Although I don't discount his past emotional abuse, it doesn't sound like he was ever violent. Given that all he has done at this point is persistently send you messages I don't think it qualifies as stalking and I don't think you could get a restraining order if you tried. I agree that a short message asking him to stop contacting you would be appropriate, but I don't agree with chundo's email, which is too nice. I think something like "I am married now and I do not want to have any contact with you. Do not email again" would be more appropriate. Then I would absolutely filter his email into a folder. If he persists or escalates I would get first campus security then his ISP and the cops involved.
posted by nanojath at 4:09 PM on August 25, 2007

The advantage of a restraining order is often thought to be that if/when Stalker escalates from telephone/email/long distance stalking and shows up on Victim's doorstep, a call to the police will result in immediate arrest and protection for violation of the restraining order. Absent the order, I believe that the police would not take such conclusive action.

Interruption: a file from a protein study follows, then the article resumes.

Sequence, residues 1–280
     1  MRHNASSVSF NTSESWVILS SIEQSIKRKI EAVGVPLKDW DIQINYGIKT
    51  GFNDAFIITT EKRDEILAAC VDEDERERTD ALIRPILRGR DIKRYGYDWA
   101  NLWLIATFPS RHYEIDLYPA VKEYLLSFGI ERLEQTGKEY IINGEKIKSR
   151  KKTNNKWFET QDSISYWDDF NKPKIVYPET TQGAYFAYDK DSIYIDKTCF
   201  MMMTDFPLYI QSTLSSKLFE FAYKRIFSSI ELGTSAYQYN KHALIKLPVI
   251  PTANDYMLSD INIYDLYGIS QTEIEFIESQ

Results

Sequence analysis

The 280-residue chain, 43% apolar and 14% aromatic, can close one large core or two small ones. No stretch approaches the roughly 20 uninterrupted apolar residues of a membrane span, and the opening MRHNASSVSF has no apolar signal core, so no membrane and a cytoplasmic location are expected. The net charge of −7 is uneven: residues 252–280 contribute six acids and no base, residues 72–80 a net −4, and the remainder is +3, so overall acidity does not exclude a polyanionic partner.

"Some creepy guy against whom I have a restraining order has been seen near my house" >> arrest

"Some creepy guy I used to date has been seen near my house" >> pretty much nothing

In that way, the restraining order can be a lifesaver. It's not uncommon, and I can cite to memory cases here in NYC, for a few "creepy guy following me" calls to the cops to yield no action (for absence of restraining order), and tragically culminate in a murder.

Whether a restraining order is the best/right/appropriate/helpful solution here, I'm not making any judgment whatsoever.
posted by bunnycup at 4:11 PM on August 25, 2007

bounce them back at him.
posted by taff at 4:40 PM on August 25, 2007 [1 favorite]

If you like an email from your husband might be better. (I'd make a throwaway gmail account for that. )

Does he even KNOW you are married? If he doesn't, perhaps letting him know might take care of the problem.
posted by konolia at 5:07 PM on August 25, 2007 [1 favorite]

If you like an email from your husband might be better. (I'd make a throwaway gmail account for that. )

Does he even KNOW you are married? If he doesn't, perhaps letting him know might take care of the problem.
posted by konolia at 5:07 PM on August 25

This is a bad idea. It will cause the creepy ex to think (because they are almost always totally delusional) "she wants to get in touch with me, but her husband must be blocking my emails; I'll drive to their house and get this sorted out."